Sunday, July 1, 2007
Today's Technology In Inkjet Printing
Improved (and more) inks, better papers and the latest printer technology mean inkjet prints that look better—and last longer—than conventional photos
Canon, Epson and HP offer a wide variety of print media optimized for their printers and inks, and with profiles provided in their drivers. There’s also a growing list of independent inkjet paper brands on the market, including Adorama, Forte, Hahnemuhle, Harman, Ilford, Legion by Moab, Museo and Tetenal.
The hot thing in large-format inkjet printing today is fine-art papers. In fact,
major printer manufacturers are marketing fine-art papers from the likes of Hahnemuhle and Crane & Co. (Museo) along with their own papers. Fine-art media include a variety of textures and smooth surfaces, including watercolor and canvas. The textured ones lend a painterly feel to landscape images; the smooth ones are better when fine detail is important. The making of archival inkjet prints on fine-art papers even has a fancy name: giclee.
Inkjet papers consist of a number of layers, generally a base with resin coatings on each side and an ink-reception layer on top, sometimes with additional reflective layers. Each paper maker has its own proprietary technology controlling how the ink-reception layer absorbs the inks, as this plays a large part in the image quality and longevity of the resulting prints. The coating layers and often a protection layer above the reception layer determine the glossiness of the paper.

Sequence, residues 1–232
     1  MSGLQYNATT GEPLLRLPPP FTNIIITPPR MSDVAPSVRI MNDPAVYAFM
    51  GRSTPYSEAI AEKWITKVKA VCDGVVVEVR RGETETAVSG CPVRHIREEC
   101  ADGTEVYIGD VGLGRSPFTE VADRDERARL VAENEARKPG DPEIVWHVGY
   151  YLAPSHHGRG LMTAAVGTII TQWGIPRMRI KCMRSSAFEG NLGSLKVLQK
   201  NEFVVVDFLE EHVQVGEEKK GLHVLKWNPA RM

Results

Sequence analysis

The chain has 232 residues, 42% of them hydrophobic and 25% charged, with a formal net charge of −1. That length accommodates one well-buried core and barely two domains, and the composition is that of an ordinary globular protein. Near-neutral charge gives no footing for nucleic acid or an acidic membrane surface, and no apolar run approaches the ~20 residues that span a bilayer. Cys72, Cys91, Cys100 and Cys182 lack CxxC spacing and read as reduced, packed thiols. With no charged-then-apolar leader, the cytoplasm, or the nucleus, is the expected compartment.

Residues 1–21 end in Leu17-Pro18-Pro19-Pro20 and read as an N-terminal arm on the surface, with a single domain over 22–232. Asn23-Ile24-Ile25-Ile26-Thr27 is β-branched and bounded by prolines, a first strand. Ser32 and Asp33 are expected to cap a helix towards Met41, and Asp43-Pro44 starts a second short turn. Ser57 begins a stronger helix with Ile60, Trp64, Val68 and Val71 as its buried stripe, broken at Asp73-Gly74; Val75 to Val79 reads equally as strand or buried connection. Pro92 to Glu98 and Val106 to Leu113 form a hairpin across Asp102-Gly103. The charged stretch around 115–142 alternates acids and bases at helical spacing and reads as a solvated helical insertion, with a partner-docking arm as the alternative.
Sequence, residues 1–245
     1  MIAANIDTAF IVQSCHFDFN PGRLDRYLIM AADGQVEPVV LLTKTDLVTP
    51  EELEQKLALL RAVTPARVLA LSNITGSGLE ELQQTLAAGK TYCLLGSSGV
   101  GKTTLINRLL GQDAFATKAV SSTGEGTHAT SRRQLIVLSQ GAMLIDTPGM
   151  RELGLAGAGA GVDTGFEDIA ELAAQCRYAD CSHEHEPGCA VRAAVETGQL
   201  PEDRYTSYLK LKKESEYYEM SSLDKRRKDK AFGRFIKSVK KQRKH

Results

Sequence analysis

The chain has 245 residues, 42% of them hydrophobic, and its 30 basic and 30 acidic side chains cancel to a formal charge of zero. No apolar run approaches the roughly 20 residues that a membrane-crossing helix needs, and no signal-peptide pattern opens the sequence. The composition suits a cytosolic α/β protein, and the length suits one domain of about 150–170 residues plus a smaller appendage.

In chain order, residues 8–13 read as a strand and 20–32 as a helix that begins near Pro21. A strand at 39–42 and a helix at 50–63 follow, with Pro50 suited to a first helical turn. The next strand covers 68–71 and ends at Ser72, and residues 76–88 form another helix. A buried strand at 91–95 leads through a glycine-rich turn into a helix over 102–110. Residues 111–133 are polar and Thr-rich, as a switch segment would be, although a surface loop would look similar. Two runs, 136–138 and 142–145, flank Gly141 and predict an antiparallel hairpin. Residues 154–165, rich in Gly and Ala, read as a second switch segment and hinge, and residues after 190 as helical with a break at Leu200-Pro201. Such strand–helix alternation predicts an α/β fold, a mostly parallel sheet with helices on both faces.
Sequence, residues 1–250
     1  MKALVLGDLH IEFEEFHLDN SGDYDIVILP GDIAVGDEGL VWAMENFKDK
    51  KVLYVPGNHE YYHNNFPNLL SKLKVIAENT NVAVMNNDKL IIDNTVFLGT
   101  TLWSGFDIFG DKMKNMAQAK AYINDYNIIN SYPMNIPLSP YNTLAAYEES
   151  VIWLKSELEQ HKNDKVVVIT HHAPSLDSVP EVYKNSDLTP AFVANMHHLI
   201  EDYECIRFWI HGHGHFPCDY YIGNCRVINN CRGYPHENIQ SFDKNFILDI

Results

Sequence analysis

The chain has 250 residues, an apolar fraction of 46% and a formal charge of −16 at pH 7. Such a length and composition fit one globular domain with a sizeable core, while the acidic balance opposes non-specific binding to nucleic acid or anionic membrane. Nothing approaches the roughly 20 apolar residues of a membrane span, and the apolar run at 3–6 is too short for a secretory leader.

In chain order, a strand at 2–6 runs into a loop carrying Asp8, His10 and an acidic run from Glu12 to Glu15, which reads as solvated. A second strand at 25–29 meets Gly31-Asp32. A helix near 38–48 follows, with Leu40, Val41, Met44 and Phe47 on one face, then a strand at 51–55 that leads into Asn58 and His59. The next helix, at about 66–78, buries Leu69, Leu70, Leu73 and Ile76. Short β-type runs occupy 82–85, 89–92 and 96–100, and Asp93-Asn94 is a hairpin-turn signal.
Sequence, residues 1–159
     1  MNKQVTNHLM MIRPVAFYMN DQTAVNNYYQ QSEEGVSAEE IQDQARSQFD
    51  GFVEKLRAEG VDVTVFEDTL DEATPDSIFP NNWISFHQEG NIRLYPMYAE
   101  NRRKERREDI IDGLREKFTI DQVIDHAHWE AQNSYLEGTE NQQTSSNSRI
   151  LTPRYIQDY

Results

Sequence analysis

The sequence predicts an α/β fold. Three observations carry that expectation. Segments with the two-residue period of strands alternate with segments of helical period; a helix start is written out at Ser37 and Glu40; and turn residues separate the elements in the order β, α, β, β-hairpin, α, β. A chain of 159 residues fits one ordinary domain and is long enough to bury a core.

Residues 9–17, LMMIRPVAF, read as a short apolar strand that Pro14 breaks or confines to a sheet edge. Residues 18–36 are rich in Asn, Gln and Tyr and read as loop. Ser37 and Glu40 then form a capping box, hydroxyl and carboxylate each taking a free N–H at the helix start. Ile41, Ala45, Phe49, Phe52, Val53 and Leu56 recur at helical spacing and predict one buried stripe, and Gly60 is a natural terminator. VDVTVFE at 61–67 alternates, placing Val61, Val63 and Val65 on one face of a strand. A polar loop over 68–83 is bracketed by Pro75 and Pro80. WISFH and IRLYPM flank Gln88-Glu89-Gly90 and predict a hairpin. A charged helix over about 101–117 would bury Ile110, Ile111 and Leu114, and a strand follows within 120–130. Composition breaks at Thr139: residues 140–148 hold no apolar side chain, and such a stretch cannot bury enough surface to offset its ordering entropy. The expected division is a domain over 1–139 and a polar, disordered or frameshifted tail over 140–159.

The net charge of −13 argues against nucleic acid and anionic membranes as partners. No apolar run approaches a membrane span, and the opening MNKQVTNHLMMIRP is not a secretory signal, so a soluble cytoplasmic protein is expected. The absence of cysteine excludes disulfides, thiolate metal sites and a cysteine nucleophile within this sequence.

With glossy papers, the ink sits right on top, where it yields the widest color gamut and greatest image brightness and "snap," but also is most susceptible to fingerprints and other damage. Glossy surfaces also can reflect light sources in the viewing area, making them less suitable for display prints. Inks "bite into" luster and semi-gloss surfaces more, producing slightly duller but more durable images. Most fine-art photo prints are made on nonglossy media.
The brighter (whiter) the paper, the more "snap" a print can have, but sometimes an image is better suited to a less bright paper. Also, the optical brightening agents used to brighten some papers can break down with time. The standard print-longevity test results you see in printer/ink/paper specs don’t take into account yellowing caused by the breakdown of optical brighteners.
Some inkjet papers are designed for pigment-based inks and some for dye-based inks, while others will work with both ink types. Be sure to check for compatibility with your printer’s inks before buying new paper.
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